No... a poem is a 'form' and the poem has 'content'.


dictionary definition: " a composition in verse, especially one that is characterized by a highly developed artistic form and by the use of heightened language and rhythm to express an intensely imaginative interpretation of the subject "


I'm genuinely baffled that the commonly used terms Subject Matter & Treatment, or Content & Form have lead to such a display of mental gymnastics.

chris bennett said...

No... a poem is a 'form' and the poem has 'content'.

So you see the poem itself and its content as distinct?

Laurence John said...

That's not what I said Chris.

Please take another look at the dictionary definition.


chris bennett said...
This comment has been removed by the author.
chris bennett said...

What you said was 'the poem has content'.
The house has people living in it. The house and the people are distinct.

Laurence John said...

Sorry Chris, that was my error. It should have read:

"A poem has 'form' and a poem has 'content'

(although sometimes people will refer to a poem as a 'form' of literature...)

David Apatoff said...

Kev Ferrara wrote: "people still flock to see Frazetta.... Proving it is exactly the abstract aesthetic forces disguised by the 'depiction which are the actual origins of the power of his work. An axe on a canvas is just an incident. The epic quality is a gestalt effect."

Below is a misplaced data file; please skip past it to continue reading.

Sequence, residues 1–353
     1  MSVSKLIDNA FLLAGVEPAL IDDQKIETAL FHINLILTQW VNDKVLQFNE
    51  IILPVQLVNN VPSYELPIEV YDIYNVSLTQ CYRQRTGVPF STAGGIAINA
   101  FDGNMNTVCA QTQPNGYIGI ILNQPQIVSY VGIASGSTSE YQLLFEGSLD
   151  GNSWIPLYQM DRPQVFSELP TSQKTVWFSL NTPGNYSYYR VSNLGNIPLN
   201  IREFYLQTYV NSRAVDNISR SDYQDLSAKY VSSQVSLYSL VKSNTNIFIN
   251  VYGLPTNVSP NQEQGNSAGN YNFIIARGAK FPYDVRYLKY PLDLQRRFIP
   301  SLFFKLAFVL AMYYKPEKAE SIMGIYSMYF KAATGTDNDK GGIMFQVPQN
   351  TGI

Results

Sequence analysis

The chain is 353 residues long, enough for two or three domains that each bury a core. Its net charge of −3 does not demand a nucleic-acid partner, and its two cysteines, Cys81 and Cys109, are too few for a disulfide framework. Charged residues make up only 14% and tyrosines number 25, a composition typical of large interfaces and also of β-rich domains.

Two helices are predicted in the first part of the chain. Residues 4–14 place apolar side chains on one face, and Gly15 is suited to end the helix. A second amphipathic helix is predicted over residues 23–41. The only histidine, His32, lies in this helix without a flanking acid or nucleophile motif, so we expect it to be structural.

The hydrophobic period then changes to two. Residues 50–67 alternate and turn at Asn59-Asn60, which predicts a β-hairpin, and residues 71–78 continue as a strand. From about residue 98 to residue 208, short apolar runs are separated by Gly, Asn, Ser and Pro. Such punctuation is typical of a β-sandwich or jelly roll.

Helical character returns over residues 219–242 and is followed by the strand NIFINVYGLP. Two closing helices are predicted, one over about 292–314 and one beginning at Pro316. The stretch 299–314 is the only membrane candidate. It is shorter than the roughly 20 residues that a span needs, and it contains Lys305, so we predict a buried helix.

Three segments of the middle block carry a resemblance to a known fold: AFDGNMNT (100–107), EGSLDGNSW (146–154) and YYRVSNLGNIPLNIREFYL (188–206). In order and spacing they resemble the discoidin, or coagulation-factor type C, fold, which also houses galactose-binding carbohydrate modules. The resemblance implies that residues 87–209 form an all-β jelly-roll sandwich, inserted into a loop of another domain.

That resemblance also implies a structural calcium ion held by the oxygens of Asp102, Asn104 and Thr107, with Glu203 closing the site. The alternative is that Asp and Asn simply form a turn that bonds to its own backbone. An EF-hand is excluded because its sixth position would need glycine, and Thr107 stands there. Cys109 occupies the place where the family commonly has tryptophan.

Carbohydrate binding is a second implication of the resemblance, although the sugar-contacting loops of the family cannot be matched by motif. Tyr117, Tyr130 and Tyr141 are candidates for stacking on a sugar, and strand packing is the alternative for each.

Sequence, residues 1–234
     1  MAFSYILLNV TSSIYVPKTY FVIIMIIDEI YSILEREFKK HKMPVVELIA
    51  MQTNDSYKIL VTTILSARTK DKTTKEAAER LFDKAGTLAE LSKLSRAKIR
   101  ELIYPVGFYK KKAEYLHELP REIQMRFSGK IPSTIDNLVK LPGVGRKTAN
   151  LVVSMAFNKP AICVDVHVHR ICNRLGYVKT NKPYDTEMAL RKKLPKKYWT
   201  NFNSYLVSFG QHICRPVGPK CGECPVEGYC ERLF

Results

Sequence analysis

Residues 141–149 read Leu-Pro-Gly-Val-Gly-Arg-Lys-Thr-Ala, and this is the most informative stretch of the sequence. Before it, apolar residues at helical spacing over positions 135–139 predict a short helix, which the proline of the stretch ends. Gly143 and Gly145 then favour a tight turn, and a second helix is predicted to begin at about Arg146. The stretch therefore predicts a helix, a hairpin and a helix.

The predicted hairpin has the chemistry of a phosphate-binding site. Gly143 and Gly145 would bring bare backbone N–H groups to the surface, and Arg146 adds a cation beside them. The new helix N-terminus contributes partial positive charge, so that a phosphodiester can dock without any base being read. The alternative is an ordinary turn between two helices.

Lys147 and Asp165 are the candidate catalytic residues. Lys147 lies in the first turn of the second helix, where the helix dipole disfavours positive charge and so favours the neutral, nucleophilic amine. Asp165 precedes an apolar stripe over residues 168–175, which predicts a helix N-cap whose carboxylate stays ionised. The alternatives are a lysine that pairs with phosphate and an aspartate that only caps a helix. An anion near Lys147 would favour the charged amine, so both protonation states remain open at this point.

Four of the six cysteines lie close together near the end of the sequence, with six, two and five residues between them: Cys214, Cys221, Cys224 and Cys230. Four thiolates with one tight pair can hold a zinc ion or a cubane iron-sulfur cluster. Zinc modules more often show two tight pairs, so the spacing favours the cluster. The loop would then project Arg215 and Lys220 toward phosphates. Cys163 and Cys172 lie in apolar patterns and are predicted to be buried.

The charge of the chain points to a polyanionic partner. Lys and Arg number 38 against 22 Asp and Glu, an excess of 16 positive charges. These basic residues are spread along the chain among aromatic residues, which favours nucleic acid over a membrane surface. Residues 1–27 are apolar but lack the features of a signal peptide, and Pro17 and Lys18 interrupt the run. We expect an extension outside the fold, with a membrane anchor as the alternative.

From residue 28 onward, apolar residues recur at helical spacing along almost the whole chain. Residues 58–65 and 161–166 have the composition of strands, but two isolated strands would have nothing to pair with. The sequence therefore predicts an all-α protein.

The latest scientific polls confirm that 47.25% of people flock to see Frazetta because they love the way he paints butts and breasts. 31.75% flock to see him because they have Walter Mitty dreams about his subject matter. 9.5% love those smooth, itty bitty lines he draws. 7.5% flock to him because he is a great investment, and the remaining 4% love him for his "gestalt effect" or because he has a cool signature.

Laurence John said...

Chris: " This is why critics can only discuss treatment and any attempt to 'tell us what the poem means' and to represent its 'subject' always fails."

p.s. this is an odd claim too. Since when have critics been unable to analyse meaning in a painting or illustration ? (unless the image is deliberately obscure or surreal).

Laurence John said...

Boom Tish David.

Kev: "people still flock to see Frazetta.... Proving it is exactly the abstract aesthetic forces disguised by the 'depiction' which are the actual origins of the power of his work. An axe on a canvas is just an incident. The epic quality is a gestalt effect."

To prove that assertion, you'd have to paint a similar image but with all the illusionistic 'incident' (what I'm calling 'subject matter': the Barbarian with the Axe, the woman, the leopard etc.) removed or somehow scrambled so it no longer resembled anything in particular.